Asians, the fastest-growing ethnic group in the United States, are adding new interest to mainstream fare. While Americanized Chinese food has long been a staple, more authentic Chinese dishes as well as traditional foods from other Asian countries are becoming more common on menus today. Among these dishes are Indian curries, which can be based on vegetables, fish, poultry or eggs, much like a stew. What sets a curry apart is the seasonings.
For the uninitiated palate, a curry can be a good starting point for exploring Indian cuisine. Begin by using a delicate hand with a mild curry powder and you may find your first experience one of delight at the light and somewhat sweet flavor that a small amount of the seasoning imparts. For a more robust curry, use more; for more mildness, add the curry after cooking, since heat intensifies the flavor. If you find you prefer more spicy hotness, work your way up to hot madras curry powder or garam masala, authentic Indian curry powder.
Curried Eggs and Peas is a good choice for a first sampling. Soothingly flavored eggs, peas and rice cut the bite of the sharper seasonings in curry powder, leaving a pleasantly mellow note. Give the finished dish more interest by topping it with chutney, raisins, nuts or shredded coconut, if you like.
Curried Eggs and Peas
Your Coffee, Your Metabolism Made Better with Java Burn
- 1 cup plain nonfat yogurt (about 8 oz.)
- 2 teaspoons flour
- Cooking spray
- 1 package (10 oz.) frozen peas*
- 1 cup thinly sliced onions (about 4 oz.)
- 2 teaspoons curry powder
- 4 hard-cooked eggs**, chopped
- Hot cooked rice, optional
- Parsley sprigs, optional
In small bowl, stir together yogurt and flour. Set aside.
Evenly coat 10-inch omelet pan or skillet with spray. Over low heat, cook peas, onions and curry powder, covered, until onions are tender and peas are heated throughout, about 7 to 10 minutes. Stir in reserved yogurt mixture. Gently stir in eggs. Cook, stirring occasionally, until heated throughout.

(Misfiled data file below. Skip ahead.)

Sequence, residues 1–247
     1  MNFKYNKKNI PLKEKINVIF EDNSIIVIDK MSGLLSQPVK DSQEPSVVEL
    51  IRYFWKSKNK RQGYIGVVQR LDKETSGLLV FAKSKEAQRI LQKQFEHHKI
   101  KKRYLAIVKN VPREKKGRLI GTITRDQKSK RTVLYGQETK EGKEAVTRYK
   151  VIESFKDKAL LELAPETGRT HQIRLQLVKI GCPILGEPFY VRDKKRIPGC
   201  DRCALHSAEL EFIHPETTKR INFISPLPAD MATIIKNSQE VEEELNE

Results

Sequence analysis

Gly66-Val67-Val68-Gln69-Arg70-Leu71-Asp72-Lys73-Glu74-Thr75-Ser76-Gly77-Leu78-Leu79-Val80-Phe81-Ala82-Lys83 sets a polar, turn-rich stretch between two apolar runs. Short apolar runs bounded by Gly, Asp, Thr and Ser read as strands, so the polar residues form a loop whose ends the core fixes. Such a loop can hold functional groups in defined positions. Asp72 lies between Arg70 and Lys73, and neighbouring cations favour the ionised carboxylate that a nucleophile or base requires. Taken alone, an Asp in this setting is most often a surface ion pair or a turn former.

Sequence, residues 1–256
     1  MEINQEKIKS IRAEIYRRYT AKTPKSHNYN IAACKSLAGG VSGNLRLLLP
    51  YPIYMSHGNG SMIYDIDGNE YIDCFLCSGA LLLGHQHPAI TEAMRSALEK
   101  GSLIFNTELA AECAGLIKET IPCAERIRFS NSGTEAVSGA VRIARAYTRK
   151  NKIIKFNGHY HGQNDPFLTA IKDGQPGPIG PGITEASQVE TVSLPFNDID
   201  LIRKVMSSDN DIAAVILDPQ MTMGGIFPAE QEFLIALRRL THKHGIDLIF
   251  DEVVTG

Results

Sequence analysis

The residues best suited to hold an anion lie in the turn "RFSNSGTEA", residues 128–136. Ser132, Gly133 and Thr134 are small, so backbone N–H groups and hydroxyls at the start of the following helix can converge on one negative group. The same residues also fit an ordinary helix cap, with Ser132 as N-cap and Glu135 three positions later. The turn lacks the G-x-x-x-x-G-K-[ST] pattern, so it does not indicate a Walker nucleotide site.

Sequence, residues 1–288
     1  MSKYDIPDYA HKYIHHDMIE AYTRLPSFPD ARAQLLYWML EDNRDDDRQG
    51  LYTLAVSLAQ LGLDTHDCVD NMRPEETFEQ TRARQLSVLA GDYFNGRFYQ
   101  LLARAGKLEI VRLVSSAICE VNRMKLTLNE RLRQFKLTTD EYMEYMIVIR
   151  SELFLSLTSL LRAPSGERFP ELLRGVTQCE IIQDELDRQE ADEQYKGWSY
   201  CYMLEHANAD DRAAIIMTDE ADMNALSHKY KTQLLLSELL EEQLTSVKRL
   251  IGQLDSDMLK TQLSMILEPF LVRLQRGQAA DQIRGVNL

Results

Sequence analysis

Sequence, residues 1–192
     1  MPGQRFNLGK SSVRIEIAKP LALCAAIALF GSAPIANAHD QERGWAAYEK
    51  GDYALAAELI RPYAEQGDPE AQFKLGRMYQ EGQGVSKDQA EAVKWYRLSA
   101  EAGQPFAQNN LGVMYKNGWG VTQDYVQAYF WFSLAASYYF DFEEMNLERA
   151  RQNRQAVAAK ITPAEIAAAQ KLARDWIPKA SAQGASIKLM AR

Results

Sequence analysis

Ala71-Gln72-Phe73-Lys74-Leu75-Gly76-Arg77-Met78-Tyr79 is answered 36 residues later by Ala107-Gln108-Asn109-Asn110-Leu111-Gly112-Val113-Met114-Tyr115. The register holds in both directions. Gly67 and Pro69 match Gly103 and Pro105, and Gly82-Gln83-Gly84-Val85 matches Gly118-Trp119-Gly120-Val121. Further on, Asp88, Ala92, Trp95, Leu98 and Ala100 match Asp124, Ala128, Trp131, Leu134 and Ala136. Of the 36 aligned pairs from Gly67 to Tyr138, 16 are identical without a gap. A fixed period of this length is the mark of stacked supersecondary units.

For each serving, spoon 3/4 cup egg mixture over rice, if desired. Garnish with parsley, if desired.
*Rap peas against counter edge to separate.
**To hard-cook, place eggs in single layer in saucepan. Add enough tap water to come at least 1 inch above eggs. Cover. Quickly bring just to boiling. Turn off heat. If necessary, remove pan from burner to prevent further boiling. Let eggs stand, covered, in the hot water about 15 minutes for Large eggs. (12 minutes for Medium, 18 for Extra Large.) Immediately run cold water over eggs or put them in ice water until completely cooled.
To remove shell, crackle it by tapping gently all over. Roll egg between hands to loosen shell. Peel, starting at large end. Hold egg under running cold water or dip in bowl of water to help ease off shell.
Nutrition information per serving of 1/4 recipe without rice or optional parsley: 185 calories, 6 gm total fat, 214 mg cholesterol, 186 mg sodium, 375 mg potassium, 19 gm carbohydrate, 14 gm protein and 10% or more of the RDI for vitamins A, B12 and C, riboflavin, thiamin, calcium, iron, phosphorus, zinc.
Until Next Time… Be Well!
Your OMAD should be a Vegan Protein Smoothie